whenever M. John Harrison writes cats into his stories, the four-legged critters always steal the scene. always. whether perched on the shoulder of Michael Kearney in Light, refusing to get off Pam Stuyvesant's couch and window in The Course of the Heart, or streaming down the streets of Saudade in Nova Swing. real cats can't seem to help but be the most graceful metaphors, and this seems to suit Mr Harrison's particular slant on literature just fine.
so it was that i was totally enthralled by his 'straight epic fantasy' novel, The Wild Road, for, in case you didn't know, Gabriel King *is* M. John Harrison. did i just let the cat out of the bag?
sorry. couldn't resist.
only i never finished The Wild Road. strongly suspecting that Mabel - who fell in love with SF Said's Varjak Paw and who i seem to remember enjoyed the black cat's insouciance in Neil Gaiman's Coraline - would enjoy Tag's adventures as well, i left my copy with her when i left for Spore City. i got a copy of the sequel, The Golden Cat, and have been resisting the temptation to continue Tag's adventures, never mind the crucial abridgement of Road's latter half.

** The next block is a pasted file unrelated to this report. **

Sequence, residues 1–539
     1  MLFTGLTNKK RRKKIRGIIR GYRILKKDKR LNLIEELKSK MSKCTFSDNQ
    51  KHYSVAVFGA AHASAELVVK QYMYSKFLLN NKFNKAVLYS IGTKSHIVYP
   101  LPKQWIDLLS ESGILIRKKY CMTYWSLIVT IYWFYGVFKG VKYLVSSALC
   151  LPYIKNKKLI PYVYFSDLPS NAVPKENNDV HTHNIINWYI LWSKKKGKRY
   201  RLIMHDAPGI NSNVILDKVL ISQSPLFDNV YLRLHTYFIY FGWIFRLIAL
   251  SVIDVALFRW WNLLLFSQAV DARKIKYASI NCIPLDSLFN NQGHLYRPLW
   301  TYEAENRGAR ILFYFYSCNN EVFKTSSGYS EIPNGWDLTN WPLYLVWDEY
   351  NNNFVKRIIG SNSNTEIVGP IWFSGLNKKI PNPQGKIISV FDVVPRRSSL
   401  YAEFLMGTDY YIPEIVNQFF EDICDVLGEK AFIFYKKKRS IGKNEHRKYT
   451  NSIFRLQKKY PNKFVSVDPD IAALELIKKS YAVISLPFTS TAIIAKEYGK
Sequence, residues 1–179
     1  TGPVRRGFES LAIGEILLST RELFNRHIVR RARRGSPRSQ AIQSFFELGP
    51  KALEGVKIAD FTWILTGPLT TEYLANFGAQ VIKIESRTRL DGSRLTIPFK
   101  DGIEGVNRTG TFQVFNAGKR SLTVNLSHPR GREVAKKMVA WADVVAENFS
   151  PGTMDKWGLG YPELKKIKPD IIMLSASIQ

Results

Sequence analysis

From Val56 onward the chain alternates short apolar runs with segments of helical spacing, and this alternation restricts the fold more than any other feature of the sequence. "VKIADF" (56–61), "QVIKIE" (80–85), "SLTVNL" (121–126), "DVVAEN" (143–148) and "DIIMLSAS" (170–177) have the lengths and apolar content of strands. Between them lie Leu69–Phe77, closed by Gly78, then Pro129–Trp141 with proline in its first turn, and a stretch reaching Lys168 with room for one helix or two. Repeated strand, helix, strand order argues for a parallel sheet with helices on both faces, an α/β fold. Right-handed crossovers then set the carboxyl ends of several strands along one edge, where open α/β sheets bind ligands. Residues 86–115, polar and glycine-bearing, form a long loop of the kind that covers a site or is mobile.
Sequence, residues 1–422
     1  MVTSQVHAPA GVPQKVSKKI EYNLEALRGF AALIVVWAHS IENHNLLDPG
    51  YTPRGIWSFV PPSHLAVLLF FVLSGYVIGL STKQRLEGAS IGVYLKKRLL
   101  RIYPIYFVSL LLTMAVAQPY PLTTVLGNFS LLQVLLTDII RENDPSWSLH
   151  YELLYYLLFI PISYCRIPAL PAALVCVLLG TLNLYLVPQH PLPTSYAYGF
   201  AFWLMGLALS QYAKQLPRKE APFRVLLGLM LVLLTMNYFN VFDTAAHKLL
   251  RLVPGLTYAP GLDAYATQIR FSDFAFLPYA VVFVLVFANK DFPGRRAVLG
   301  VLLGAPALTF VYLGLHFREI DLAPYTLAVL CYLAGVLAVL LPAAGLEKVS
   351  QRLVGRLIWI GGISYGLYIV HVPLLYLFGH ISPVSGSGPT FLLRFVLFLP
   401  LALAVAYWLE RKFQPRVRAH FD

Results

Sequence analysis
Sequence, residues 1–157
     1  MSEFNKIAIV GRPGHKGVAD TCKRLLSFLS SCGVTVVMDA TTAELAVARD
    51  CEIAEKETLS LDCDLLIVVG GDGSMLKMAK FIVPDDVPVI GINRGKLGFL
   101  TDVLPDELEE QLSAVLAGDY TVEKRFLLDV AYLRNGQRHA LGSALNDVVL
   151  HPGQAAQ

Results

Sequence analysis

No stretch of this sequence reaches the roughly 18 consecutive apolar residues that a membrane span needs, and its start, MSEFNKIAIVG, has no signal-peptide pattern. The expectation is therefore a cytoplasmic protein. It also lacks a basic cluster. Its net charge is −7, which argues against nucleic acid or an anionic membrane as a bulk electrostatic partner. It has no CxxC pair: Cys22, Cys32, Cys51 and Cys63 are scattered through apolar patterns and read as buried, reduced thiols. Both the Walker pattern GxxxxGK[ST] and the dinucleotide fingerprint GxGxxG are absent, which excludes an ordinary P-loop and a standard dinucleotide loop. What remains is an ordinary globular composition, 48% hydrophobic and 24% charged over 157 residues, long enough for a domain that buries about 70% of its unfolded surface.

the Gabriel King books somehow manage to take Mr Harrison's skill with language, his sharp eye for metaphor and detail and his own understanding of nature both human and otherwise and employ them in something (for M. John Harrison) surprisingly straightforward: pure, unadulterated storytelling.
just one of the many reasons i can't wait to get back home.